- Scarabaeus fossor Linnaeus, 1758
- Aphodius fossor (Linnaeus, 1758)
- Aphodius fossorius Gistel, 1857
No status defined
Value of species
A species of dung beetle native to the Palaearctic, but is also widespread in North America following accidental introduction and naturalisation during European settlement. Both adults and larvae are coprophagous, differentiating resource use by respectively feeding on the liquid and fibrous fractions of herbivore dung. It can be readily collected from the dung of livestock, and other large mammals. This species is known to support a number of key ecosystem services in cattle pastures.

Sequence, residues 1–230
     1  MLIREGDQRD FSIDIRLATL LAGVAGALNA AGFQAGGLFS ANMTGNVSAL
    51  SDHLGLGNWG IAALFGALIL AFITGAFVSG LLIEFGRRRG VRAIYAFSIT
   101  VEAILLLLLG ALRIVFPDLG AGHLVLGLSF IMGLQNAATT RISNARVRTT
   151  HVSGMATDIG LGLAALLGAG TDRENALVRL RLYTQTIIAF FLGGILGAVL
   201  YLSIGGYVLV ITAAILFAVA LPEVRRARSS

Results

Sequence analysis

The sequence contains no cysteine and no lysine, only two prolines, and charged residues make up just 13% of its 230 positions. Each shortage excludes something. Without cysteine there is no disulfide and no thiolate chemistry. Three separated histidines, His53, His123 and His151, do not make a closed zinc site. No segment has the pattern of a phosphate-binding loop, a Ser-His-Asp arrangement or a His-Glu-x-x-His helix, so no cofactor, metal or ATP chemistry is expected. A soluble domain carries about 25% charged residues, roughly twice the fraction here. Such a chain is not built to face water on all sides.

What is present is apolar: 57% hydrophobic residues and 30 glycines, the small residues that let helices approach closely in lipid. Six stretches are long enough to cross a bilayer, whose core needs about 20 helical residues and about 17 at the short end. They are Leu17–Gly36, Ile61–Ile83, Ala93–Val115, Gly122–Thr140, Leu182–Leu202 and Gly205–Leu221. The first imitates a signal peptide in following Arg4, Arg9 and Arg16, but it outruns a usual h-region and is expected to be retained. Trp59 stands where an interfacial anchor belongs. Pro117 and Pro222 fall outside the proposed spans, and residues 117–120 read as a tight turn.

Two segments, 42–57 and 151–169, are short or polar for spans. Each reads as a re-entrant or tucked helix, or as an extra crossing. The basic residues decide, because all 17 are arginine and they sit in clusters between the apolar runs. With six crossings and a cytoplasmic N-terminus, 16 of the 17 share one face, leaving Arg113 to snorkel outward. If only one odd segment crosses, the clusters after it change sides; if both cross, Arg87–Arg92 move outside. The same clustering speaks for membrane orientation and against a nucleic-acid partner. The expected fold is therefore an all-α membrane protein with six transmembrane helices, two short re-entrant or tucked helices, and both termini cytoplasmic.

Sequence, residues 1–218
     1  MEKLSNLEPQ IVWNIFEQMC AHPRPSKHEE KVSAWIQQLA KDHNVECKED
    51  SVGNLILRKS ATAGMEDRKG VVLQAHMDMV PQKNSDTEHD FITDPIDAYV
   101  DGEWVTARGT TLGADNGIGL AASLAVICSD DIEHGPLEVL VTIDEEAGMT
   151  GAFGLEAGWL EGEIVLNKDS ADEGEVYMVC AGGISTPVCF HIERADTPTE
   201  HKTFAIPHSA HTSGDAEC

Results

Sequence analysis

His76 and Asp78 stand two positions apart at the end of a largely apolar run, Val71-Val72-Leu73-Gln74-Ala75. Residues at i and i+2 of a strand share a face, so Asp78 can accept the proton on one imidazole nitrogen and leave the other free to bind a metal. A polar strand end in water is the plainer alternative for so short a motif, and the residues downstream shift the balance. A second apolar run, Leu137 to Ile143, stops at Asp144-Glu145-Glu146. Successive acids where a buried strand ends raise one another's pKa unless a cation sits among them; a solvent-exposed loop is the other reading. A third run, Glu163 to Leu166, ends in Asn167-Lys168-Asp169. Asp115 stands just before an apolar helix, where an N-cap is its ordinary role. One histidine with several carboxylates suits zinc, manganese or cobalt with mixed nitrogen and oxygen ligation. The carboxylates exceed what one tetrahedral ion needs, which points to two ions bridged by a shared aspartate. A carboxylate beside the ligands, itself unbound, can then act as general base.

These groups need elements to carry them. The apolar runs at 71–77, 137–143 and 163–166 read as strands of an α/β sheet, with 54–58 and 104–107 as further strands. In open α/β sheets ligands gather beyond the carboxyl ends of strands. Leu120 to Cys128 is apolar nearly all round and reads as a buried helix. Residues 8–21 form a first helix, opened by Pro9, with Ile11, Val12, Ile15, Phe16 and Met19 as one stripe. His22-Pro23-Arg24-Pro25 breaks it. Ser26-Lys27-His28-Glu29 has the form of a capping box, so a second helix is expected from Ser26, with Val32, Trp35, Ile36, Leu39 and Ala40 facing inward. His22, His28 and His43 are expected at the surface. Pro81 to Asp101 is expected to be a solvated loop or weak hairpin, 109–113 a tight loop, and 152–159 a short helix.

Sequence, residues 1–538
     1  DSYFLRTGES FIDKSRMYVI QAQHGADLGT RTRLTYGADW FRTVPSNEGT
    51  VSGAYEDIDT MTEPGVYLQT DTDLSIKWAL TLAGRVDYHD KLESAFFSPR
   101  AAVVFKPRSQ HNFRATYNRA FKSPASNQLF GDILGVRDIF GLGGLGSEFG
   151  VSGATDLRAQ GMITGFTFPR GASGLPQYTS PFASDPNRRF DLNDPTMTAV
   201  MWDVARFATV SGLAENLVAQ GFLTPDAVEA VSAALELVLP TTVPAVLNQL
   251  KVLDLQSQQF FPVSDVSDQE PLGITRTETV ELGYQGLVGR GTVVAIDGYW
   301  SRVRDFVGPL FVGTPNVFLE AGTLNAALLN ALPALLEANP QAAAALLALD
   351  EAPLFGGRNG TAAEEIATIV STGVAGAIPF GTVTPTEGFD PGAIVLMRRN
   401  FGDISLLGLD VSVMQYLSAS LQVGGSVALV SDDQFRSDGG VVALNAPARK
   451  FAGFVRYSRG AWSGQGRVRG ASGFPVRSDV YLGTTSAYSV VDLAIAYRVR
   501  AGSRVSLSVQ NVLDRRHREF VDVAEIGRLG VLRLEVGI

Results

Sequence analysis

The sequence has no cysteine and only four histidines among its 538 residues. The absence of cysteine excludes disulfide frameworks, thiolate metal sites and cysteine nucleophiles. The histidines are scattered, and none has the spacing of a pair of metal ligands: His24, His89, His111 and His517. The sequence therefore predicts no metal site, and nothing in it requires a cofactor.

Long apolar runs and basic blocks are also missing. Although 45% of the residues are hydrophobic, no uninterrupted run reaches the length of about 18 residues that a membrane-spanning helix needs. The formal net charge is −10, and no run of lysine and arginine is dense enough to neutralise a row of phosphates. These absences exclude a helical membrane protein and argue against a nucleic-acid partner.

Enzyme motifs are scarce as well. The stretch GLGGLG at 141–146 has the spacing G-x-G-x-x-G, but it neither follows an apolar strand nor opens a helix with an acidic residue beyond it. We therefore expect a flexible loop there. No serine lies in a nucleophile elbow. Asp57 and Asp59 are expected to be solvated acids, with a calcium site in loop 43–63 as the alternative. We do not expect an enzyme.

Like other species within the genus Aphodius, this dung beetle is classified as an 'dwelling' or 'endocoprid' species, where in place of rolling dung balls-beetles feed and reproduces within the confines of mammalian dung. Adult beetles preferentially colonise older cattle dung, moving between several dung pats as adults. Eggs are laid singly beneath the dung crust and in the underlying soil. Adult beetles typically occur at low densities in mated pairs, and mate-finding and anti-aggregation are thought to be mediated by pheromones. Despite being found in open environments like pastures, Aphodius fossor is sensitive to desiccation and larvae experience significant mortality when highly exposed environments.